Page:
Regulators have blessed PremierWest's (PRWT) sale — now it's shareholders' turn.

On Tuesday shareholders of the $1.2 billion-asset company in Medford, Ore., will vote on whether to accept $16.6 million in cash, 43% of the company's tangible book value, from Starbuck Bancshares, the holding company of AmericanWest Bank.

In the last few weeks PremierWest has issued three press releases laying out the reasons for the deal and reminding its shareholders to vote. It needs at least half of its outstanding shares to vote in favor of the deal to get it approved, so not voting is essentially a vote against the deal.

Calls to the company were not returned, but in its press releases, it has repeatedly reaffirmed that the deal is the best option for its troubled PremierWest Bank.

"The board of directors and management determined PremierWest needed to substantially increase its capital base to meet regulatory requirements and remain competitive," James M. Ford, president and chief executive, said in a press release on Feb. 6. The board "concluded that a merger with Starbuck was the best option for our shareholders."

Institutional Shareholder Services and Glass Lewis, two leading proxy advisors, recommend that shareholders vote in favor, the company said in the same release.

Sellers' rallying of shareholders, particularly in low-priced deals, is common. Shareholders of the selling bank often hold on to hope that a higher premium is possible, and it is the job of management to be aggressive in its message, observers say.

"A proactive effort to educate your shareholders and get the deal approved strikes me as prudent and a wise strategy," says Lori Buerger, an attorney at Schiff Hardin. She is not involved in the PremierWest deal.

"Not every board member or shareholder understands the realities of the market and psychologically still expects valuations that were reached six or seven years ago," she says.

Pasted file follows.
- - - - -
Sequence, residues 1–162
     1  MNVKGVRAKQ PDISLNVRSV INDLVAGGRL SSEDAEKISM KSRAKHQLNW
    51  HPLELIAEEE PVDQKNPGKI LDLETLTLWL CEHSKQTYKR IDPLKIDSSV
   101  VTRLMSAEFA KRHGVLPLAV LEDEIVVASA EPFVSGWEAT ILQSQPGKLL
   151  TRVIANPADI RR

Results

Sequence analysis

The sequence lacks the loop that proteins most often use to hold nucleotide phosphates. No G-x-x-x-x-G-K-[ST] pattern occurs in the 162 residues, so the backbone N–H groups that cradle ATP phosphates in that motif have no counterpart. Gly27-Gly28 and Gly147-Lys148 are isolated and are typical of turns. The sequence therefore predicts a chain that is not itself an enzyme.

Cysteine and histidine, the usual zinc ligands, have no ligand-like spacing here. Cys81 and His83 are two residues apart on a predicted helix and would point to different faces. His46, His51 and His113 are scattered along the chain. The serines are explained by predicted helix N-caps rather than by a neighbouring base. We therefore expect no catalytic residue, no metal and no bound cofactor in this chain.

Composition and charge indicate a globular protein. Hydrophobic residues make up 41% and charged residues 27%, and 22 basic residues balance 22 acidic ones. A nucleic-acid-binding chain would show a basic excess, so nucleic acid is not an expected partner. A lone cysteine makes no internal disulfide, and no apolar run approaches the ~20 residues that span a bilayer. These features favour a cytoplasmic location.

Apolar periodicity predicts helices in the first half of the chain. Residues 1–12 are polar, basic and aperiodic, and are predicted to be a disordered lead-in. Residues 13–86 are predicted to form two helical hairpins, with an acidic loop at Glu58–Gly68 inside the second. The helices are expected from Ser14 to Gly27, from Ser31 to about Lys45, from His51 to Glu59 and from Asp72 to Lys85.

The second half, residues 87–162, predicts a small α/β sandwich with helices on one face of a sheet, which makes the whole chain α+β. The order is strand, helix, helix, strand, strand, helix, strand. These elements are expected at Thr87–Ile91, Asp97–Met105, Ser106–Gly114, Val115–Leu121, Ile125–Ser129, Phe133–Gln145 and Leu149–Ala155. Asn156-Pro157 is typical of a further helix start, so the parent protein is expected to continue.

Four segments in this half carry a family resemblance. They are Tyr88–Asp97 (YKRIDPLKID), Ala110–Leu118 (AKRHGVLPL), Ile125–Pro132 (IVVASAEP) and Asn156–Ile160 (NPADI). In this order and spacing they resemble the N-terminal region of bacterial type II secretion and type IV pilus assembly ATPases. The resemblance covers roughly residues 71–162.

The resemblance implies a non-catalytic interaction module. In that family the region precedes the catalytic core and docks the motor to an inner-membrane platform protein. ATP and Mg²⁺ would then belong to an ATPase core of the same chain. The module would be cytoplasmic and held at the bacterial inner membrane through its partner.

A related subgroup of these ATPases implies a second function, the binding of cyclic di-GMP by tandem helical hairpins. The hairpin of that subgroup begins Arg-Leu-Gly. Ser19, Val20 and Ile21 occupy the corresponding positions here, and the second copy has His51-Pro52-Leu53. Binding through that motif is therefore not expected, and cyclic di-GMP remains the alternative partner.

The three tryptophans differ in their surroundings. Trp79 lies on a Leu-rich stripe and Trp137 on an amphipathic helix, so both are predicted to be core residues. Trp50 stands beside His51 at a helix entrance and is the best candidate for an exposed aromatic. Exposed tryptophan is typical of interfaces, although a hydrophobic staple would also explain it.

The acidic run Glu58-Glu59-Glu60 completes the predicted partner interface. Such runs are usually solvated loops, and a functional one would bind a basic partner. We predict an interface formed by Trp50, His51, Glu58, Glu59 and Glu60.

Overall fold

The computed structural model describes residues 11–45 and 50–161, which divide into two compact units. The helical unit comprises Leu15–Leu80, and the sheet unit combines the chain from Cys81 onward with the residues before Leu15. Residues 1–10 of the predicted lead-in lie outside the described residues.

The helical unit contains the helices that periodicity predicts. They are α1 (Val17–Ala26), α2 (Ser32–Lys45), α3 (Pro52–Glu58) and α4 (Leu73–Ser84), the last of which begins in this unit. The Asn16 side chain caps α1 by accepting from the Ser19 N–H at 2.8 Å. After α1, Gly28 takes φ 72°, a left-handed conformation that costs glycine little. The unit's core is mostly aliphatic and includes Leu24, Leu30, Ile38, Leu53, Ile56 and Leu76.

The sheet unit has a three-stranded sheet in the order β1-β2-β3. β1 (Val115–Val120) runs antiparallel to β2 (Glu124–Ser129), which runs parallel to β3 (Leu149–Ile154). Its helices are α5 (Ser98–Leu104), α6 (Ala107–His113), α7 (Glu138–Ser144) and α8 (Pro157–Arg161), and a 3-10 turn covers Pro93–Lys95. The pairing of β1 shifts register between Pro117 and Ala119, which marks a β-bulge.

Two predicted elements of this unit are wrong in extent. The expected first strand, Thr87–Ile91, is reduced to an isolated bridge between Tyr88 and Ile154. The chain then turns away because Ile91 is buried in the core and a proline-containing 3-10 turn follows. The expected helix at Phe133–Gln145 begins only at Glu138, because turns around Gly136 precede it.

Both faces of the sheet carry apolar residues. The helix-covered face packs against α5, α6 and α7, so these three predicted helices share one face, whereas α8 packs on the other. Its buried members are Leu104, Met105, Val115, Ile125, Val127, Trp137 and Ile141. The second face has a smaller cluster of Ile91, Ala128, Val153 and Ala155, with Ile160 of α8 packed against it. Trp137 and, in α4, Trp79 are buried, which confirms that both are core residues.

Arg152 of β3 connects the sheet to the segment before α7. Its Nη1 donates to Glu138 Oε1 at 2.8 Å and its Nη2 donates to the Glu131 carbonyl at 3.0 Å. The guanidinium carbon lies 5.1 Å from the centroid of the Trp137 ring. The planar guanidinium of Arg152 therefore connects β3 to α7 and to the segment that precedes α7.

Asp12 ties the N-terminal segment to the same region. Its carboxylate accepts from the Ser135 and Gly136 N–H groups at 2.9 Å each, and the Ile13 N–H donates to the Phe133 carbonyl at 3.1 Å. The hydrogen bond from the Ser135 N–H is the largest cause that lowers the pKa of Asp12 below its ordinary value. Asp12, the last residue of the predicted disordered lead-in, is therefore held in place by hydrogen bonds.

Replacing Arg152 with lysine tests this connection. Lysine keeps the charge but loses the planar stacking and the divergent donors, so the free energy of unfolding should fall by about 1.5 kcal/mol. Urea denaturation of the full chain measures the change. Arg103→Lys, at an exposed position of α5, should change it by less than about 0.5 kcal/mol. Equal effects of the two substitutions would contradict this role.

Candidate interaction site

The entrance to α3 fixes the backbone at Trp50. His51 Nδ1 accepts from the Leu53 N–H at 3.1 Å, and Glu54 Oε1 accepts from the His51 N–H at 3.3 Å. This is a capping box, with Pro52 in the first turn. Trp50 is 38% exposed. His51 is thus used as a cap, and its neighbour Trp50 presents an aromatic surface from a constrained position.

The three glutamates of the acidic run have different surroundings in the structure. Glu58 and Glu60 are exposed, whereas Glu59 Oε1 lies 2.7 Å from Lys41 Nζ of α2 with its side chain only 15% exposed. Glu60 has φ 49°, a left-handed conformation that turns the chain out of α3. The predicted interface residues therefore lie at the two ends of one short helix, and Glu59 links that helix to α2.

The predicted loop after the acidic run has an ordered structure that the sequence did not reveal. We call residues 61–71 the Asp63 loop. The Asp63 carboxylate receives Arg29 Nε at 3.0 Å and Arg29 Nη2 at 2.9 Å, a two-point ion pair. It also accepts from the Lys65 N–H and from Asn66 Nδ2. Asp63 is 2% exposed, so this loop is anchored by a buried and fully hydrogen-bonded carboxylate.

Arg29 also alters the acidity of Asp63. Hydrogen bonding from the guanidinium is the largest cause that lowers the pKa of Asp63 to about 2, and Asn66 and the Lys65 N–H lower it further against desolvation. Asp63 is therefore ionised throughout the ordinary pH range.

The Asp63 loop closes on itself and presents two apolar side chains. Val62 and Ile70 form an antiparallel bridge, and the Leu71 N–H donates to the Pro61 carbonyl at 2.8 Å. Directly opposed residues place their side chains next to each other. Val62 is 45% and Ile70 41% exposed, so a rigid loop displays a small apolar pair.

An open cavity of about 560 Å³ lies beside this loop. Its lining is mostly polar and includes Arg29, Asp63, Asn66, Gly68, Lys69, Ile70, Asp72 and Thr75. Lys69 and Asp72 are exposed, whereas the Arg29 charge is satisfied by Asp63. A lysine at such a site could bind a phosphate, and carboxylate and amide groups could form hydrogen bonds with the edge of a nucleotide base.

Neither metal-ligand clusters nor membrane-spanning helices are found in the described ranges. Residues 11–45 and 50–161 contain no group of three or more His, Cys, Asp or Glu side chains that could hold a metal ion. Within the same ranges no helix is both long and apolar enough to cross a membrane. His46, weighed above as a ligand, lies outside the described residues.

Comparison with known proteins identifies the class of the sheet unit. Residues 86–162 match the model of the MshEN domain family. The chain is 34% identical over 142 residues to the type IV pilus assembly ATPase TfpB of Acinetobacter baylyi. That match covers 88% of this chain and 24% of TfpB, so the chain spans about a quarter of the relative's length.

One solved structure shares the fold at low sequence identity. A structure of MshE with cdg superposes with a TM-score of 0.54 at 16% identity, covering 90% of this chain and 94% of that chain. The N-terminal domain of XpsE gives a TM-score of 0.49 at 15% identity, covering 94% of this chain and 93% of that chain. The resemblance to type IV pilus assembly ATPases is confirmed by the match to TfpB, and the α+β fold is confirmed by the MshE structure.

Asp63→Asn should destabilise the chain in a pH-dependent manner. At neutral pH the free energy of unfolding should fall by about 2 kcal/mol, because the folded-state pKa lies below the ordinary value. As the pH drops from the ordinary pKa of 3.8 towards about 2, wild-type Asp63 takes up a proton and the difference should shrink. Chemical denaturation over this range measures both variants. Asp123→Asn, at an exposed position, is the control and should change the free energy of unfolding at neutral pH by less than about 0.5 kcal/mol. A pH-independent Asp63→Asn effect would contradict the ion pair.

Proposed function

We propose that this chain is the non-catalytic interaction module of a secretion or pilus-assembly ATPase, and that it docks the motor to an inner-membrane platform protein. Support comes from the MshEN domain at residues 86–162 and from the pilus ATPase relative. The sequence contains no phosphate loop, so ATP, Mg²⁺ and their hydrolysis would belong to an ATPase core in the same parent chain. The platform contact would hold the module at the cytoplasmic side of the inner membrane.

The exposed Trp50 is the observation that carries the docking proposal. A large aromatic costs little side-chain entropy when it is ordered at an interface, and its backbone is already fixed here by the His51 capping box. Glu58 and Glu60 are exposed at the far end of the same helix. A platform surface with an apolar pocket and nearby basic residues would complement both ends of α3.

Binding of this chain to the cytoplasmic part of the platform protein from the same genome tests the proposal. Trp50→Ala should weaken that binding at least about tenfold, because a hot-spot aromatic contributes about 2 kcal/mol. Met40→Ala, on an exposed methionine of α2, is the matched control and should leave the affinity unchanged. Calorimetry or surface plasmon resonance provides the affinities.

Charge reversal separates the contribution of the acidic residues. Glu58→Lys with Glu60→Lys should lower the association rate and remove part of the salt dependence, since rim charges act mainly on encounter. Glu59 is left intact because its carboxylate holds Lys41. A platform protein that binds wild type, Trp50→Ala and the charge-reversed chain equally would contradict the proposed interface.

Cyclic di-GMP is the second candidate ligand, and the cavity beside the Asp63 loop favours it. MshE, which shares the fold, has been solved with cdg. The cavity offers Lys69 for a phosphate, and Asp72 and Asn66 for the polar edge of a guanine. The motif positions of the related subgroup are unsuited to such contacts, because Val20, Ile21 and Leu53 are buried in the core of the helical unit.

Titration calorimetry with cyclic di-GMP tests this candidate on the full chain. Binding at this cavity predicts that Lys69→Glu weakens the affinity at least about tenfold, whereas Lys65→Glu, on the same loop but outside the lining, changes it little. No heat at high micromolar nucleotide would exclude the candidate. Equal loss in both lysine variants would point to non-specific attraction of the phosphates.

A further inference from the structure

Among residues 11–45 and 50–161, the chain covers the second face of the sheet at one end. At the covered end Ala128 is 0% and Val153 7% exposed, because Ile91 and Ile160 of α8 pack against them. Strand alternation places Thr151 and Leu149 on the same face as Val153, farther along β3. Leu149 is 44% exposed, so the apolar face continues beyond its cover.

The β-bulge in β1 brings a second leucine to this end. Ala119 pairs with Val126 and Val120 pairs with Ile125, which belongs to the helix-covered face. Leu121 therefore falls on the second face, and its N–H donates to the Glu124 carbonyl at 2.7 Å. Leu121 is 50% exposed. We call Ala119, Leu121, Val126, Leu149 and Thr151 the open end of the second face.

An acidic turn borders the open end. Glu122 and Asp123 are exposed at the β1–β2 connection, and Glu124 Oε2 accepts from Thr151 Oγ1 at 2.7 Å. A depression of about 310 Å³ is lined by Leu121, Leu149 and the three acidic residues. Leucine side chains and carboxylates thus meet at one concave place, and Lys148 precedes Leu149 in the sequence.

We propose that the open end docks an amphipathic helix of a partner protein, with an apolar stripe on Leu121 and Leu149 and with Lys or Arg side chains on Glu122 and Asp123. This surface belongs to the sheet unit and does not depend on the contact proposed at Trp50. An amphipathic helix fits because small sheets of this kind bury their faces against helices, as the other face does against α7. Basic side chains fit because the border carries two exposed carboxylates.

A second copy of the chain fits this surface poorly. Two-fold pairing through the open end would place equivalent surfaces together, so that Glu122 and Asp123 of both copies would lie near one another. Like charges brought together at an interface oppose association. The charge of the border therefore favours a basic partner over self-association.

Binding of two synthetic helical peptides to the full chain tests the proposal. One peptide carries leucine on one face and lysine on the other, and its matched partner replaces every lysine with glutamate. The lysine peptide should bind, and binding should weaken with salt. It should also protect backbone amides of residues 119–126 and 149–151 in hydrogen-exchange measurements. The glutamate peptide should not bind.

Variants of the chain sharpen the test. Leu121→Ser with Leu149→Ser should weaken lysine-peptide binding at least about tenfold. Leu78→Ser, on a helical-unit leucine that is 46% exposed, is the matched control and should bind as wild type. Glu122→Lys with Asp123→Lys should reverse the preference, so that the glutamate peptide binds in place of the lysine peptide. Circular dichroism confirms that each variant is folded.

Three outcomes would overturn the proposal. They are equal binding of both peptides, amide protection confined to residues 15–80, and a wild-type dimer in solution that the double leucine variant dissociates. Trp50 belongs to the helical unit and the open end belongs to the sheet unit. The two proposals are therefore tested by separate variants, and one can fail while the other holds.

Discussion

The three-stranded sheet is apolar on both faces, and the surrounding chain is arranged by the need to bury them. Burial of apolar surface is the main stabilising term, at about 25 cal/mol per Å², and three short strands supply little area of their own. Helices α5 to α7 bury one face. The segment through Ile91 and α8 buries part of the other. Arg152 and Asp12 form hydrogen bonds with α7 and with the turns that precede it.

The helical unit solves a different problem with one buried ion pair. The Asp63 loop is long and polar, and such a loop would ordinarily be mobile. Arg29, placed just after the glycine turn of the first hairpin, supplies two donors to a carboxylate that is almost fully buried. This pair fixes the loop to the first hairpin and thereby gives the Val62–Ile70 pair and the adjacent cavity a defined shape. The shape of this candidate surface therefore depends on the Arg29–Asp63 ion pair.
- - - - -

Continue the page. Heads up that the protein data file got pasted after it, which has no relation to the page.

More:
It is unclear if PremierWest is merely being proactive or if there is a dissenter. There doesn't appear to be any activist shareholders trying to derail the deal, based on filings with the Securities and Exchange Commission.

"I think it is pretty above board and informational," says Jeff Rulis, an analyst at D.A. Davidson, which represented PremierWest in striking the deal. "They are just trying to get the message out there. There could be some concern in garnering a majority vote."

PremierWest Bank was well-capitalized at yearend, with a leverage ratio of 8.95%. However, it is still under considerable credit stress. Its nonperforming assets made up 4.21% of total assets. That is part of the reason why the deal makes sense, the company says.

The bank is considered to be attractive long term, specifically because of its deep roots in its community. Its core deposits make up more than 96% of its $1.02 billion in deposits.

Still, it appears that selling the company was an arduous task.

PremierWest received only one other offer, despite contacting 21 entities, according to its proxy statement for the deal. The other bid "was withdrawn after due diligence and was less attractive than the merger terms with Starbuck."

Additionally, the Treasury Department holds $41.4 million of preferred stock in PremierWest through the Troubled Asset Relief Program; that has complicated PremierWest's ability to get an infusion of capital from private-equity firms, the company says.

"Efforts to raise capital from private equity and institutional investors have not been acceptable to the U.S. Treasury… and any capital raise would be highly dilutive to existing shareholders," the company said in press release on Feb. 13.

Starbuck agreed to redeem PremierWest's Tarp shares at par, and the Treasury agreed to waive $6.6 million of accrued dividend payments.

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